Some Dare Call It Inappropriate

Amir Taheri lays out Barack Obama’s sorry record of double-dealing on Iraq:

WHILE campaigning in public for a speedy withdrawal of US troops from Iraq, Sen. Barack Obama has tried in private to persuade Iraqi leaders to delay an agreement on a draw-down of the American military presence.

According to Iraqi Foreign Minister Hoshyar Zebari, Obama made his demand for delay a key theme of his discussions with Iraqi leaders in Baghdad in July.

“He asked why we were not prepared to delay an agreement until after the US elections and the formation of a new administration in Washington,” Zebari said in an interview.

This is shocking, although, coming from Obama, not surprising. It’s not just that he has tried, in private, to achieve the exact opposite result from the one he has advocated in public. Worse, Obama has in effect tried to conduct his own foreign policy as a President-in-waiting, thereby undermining the actual foreign policy of the United States:

Obama insisted that Congress should be involved in negotiations on the status of US troops – and that it was in the interests of both sides not to have an agreement negotiated by the Bush administration in its “state of weakness and political confusion.”

For Obama to engage in this kind of politically-motivated backstabbing of the United States government is deeply dishonorable. Moreover, as Taheri notes, Obama has a conflict of interest here: the United States wants our efforts in Iraq to succeed, but Obama wants–needs–for them to fail:

Obama has given Iraqis the impression that he doesn’t want Iraq to appear anything like a success, let alone a victory, for America. The reason? He fears that the perception of US victory there might revive the Bush Doctrine of “pre-emptive” war – that is, removing a threat before it strikes at America.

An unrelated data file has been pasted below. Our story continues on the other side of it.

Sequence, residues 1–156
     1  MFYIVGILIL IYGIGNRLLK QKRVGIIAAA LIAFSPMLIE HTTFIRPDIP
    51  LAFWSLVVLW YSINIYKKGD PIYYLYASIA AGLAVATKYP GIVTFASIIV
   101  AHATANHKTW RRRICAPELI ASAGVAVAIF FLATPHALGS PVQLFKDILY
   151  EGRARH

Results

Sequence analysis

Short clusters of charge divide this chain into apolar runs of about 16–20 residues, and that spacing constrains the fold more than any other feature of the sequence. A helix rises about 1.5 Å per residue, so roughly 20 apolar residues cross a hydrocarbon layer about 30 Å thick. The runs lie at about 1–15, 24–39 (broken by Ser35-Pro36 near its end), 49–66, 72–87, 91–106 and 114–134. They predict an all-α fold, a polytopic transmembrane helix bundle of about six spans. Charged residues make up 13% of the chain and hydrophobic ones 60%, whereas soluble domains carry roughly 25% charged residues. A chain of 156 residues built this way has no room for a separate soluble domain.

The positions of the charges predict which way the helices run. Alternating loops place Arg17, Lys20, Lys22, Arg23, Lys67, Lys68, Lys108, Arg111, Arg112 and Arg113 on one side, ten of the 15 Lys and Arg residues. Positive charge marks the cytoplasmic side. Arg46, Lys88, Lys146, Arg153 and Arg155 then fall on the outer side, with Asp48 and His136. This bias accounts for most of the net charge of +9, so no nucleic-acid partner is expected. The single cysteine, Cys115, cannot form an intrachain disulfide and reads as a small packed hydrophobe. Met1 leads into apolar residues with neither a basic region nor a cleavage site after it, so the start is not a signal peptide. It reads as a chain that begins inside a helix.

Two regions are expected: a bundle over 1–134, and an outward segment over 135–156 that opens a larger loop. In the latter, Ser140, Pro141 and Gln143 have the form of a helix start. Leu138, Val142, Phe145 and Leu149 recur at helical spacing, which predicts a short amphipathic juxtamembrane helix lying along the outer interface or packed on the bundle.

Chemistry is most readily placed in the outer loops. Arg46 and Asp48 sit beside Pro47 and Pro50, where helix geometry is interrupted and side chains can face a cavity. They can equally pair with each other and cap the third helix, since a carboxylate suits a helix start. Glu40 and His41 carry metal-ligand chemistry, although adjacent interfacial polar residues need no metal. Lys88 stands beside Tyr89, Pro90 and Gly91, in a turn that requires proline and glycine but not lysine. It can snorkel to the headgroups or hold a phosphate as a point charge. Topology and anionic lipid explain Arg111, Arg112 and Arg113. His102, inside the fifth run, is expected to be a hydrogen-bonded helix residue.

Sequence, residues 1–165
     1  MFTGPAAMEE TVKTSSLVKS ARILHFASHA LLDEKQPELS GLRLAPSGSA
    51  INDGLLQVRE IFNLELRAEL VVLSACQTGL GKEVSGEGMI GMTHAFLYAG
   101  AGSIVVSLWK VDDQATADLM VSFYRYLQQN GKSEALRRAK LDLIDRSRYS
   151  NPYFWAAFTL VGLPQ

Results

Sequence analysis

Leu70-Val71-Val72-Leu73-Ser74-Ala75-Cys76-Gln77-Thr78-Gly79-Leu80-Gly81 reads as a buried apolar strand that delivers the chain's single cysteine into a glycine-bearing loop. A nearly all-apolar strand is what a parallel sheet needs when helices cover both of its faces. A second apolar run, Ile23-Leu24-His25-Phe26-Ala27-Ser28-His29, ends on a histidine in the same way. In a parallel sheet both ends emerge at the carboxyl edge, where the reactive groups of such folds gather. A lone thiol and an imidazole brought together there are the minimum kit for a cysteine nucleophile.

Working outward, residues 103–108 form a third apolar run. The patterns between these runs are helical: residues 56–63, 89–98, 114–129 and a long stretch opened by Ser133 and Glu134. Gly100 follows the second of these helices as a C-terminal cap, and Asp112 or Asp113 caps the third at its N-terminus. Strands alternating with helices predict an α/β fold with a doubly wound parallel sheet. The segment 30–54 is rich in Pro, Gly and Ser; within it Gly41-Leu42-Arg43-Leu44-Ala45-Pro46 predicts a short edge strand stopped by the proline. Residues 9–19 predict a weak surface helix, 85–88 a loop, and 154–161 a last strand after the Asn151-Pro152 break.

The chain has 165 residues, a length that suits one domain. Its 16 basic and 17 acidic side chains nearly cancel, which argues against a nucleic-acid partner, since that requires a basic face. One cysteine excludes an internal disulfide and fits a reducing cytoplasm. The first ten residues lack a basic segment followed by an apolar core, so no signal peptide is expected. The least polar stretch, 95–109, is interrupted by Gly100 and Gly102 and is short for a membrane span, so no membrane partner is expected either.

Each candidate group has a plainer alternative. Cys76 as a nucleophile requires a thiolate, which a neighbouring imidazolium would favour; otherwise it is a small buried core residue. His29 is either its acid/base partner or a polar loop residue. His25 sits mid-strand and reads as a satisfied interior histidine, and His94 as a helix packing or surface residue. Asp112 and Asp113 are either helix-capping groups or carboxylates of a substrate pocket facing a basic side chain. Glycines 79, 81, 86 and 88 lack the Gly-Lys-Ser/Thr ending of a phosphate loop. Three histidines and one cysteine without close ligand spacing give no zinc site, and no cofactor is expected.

Despite some usual equivocations on the subject, Obama rejects pre-emption as a legitimate form of self -defense. To be credible, his foreign-policy philosophy requires Iraq to be seen as a failure, a disaster, a quagmire, a pig with lipstick or any of the other apocalyptic adjectives used by the American defeat industry in the past five years.

So, if what Taheri says is right, Obama is carrying out his own foreign policy, in opposition not only to his own stated position on Iraq, but in opposition to the foreign policy of the United States, with a view toward bringing about failure, not success, in Iraq. Nice.

UPDATE: McCain adviser Randy Scheunemann commented on this story earlier today:

At this point, it is not yet clear what official American negotiations Senator Obama tried to undermine with Iraqi leaders, but the possibility of such actions is unprecedented. It should be concerning to all that he reportedly urged that the democratically-elected Iraqi government listen to him rather than the US administration in power. If news reports are accurate, this is an egregious act of political interference by a presidential candidate seeking political advantage overseas. Senator Obama needs to reveal what he said to Iraq’s Foreign Minister during their closed door meeting. The charge that he sought to delay the withdrawal of Americans from Iraq raises serious questions about Senator Obama’s judgment and it demands an explanation.

Just a little while ago, the Obama campaign weighed in:

Obama’s national security spokeswoman Wendy Morigi said Taheri’s article bore “as much resemblance to the truth as a McCain campaign commercial.”

In fact, Obama had told the Iraqis that they should not rush through a “Strategic Framework Agreement” governing the future of US forces until after President George W. Bush leaves office, she said.

Which I guess must be different from what Taheri said. Somehow.

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